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-   -   How to close a IFstream? (http://www.cfd-online.com/Forums/openfoam-programming-development/71736-how-close-ifstream.html)

fs82 January 13, 2010 08:44

How to close a IFstream?
 
Hello,

I have a short question. I wrote my own converter for some field and I opened a file to read in some values:

fileName dataFile;

laserToFoamDict.lookup("datafile") >> dataFile;

IFstream dataStream(dataFile);

dataStream >> value;

Now after reading I want to close the file. How do I close this file?

kind regards,
Fabian

l_r_mcglashan January 13, 2010 09:15

Is it not just
Code:

dataStream.close();
?

fs82 January 13, 2010 09:21

No unfortunately not.

dataStream.close() give the following error:

error: ‘class Foam::IFstream’ has no member named ‘close’

kind regards,
Fabian

olesen January 14, 2010 03:58

Quote:

Originally Posted by fs82 (Post 242431)
Hello,

I have a short question. I wrote my own converter for some field and I opened a file to read in some values:

fileName dataFile;

laserToFoamDict.lookup("datafile") >> dataFile;

IFstream dataStream(dataFile);

dataStream >> value;

Now after reading I want to close the file. How do I close this file?

kind regards,
Fabian


Normally you don't need to explicitly close OpenFOAM streams - just let them go out of scope and let the destructor do it for you. You won't be able to a normal close() method on the IFstream, since the std::istream is private. AFAICT this probably helps with handling both normal and gz files, but it doesn't really matter.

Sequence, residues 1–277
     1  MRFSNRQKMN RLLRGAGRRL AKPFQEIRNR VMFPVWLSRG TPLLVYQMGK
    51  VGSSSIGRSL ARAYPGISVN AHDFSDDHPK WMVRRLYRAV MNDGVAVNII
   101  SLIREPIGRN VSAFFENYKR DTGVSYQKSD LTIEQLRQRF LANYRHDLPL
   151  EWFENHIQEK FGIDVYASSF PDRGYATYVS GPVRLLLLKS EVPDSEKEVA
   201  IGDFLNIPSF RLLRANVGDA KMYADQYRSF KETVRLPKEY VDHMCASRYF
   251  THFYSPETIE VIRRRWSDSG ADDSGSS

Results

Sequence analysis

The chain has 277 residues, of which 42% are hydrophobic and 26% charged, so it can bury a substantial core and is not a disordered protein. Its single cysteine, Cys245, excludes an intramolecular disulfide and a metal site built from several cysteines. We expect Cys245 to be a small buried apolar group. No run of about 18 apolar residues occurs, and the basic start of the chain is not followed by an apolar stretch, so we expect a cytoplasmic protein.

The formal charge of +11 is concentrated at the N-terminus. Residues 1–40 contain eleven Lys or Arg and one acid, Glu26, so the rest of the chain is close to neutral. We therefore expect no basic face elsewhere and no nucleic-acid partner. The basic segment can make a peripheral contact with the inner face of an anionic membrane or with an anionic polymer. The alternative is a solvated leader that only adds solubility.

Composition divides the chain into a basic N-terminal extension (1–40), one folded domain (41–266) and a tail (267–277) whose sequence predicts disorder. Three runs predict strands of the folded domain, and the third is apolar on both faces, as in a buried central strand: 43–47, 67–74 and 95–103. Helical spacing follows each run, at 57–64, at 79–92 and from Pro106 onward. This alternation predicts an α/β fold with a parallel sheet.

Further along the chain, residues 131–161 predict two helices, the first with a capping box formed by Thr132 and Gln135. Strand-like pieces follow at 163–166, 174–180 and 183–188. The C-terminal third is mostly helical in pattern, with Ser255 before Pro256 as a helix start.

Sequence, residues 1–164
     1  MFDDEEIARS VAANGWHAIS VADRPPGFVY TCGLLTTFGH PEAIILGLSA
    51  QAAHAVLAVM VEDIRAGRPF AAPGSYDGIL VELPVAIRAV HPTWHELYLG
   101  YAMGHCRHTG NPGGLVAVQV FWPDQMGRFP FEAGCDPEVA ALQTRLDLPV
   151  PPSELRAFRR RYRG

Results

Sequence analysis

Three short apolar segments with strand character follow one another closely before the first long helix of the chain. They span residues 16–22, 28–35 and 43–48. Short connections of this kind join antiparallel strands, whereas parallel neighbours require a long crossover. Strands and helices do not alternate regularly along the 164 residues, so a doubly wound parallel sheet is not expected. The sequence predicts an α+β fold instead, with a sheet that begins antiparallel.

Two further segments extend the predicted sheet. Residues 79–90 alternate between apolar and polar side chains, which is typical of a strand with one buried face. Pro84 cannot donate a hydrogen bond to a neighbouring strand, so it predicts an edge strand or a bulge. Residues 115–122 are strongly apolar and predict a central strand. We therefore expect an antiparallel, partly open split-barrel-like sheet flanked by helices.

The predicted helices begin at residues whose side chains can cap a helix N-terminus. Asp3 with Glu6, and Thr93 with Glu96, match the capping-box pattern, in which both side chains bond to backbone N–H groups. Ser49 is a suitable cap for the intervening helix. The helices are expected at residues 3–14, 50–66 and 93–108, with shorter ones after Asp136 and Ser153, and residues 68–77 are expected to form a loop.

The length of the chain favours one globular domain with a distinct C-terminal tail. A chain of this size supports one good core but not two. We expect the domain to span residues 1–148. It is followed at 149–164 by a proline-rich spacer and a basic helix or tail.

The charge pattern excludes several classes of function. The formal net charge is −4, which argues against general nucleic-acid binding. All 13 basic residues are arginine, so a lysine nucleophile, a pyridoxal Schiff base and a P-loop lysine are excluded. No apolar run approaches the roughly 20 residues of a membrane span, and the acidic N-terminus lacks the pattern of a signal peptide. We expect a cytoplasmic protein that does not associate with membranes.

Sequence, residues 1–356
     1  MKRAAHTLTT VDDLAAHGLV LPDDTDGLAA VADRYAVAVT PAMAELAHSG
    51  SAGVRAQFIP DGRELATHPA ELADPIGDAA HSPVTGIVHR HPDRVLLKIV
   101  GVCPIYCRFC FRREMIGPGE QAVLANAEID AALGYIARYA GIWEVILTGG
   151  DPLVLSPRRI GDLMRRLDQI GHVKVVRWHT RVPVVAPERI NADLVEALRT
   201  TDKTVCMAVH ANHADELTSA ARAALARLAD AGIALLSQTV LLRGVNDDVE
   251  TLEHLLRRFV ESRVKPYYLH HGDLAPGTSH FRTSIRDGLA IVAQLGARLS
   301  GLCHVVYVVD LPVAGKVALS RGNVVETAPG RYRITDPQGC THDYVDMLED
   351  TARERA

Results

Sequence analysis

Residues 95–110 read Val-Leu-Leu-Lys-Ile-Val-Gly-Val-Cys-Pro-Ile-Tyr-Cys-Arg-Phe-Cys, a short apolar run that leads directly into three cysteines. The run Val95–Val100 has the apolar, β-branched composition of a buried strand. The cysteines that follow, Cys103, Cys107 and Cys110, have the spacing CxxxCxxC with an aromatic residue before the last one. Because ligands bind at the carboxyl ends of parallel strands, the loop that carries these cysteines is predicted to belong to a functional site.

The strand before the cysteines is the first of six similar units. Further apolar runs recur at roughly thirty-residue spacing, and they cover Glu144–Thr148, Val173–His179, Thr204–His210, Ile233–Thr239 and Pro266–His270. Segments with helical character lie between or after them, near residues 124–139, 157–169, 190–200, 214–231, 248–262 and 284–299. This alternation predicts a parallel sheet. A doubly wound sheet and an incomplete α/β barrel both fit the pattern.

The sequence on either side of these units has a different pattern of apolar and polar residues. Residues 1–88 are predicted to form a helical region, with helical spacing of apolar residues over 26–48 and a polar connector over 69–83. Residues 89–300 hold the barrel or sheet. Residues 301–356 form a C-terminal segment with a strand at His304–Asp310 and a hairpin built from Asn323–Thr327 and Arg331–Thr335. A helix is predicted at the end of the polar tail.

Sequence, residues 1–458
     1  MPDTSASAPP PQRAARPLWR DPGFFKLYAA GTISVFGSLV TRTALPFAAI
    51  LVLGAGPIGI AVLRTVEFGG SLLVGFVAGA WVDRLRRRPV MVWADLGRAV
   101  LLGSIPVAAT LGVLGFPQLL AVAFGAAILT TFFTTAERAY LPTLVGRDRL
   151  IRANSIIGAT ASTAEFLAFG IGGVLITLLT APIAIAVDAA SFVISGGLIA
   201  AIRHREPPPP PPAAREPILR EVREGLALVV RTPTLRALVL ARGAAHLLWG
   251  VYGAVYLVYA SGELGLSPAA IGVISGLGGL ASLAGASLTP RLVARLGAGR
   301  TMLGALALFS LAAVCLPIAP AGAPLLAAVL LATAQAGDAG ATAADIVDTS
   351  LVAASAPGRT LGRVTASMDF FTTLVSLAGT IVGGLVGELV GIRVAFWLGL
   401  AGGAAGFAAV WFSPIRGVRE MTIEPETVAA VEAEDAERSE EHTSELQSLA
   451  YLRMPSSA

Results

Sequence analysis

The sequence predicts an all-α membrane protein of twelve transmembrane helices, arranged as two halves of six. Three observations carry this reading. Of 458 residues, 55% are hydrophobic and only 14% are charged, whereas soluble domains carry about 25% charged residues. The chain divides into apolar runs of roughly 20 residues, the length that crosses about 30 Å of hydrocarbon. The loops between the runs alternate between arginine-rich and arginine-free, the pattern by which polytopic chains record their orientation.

The simplest means to handle what you want is something like this small workaround (not tested):
Code:

fileName dataFile;
...

autoPrr<IFstream> dataStreamPtr(new IFstream(dataFile));
dataStreamPtr() >> value;

dataStreamPtr.clear();
 
// or reuse for the next file ...

dataStreamPtr.reset(new IFstream(anotherFile));
 dataStreamPtr() >> value2;

// finally, via a reference ...
 
dataStreamPtr.reset(new IFstream(yetAnotherFile));

IFstream& dataStream = dataStreamPtr();

dataStream >> value3;

This should handle what you need. If, however, your really want to have a close(), you could also try chaining through with the stdStream() method:
Code:

dataStream.stdStream().close();
But I don't know if there are any side-effects that I've missed there.

fs82 January 14, 2010 04:21

Allright, I am more used to the Fortran language and there is good style to close a file after one has finished working with it. I thought I have to do this too in C++, but as you mentioned the destructor will handle this for me. I will accept this. I tried quickly:

Code:

dataStream.stdStream().close();
But this doesn't work and leads to a compiler error message.
Thx for your help.

kind regards,
Fabian

olesen January 14, 2010 04:55

Quote:

Originally Posted by fs82 (Post 242546)
Code:

dataStream.stdStream().close();
But this doesn't work and leads to a compiler error message.

On second thought, that of course makes sense.
You'd need to dynamic_cast the std::istream reference returned by the stdStream() method to the std::ifstream reference that it actually is ... if someone really needed to go that route.


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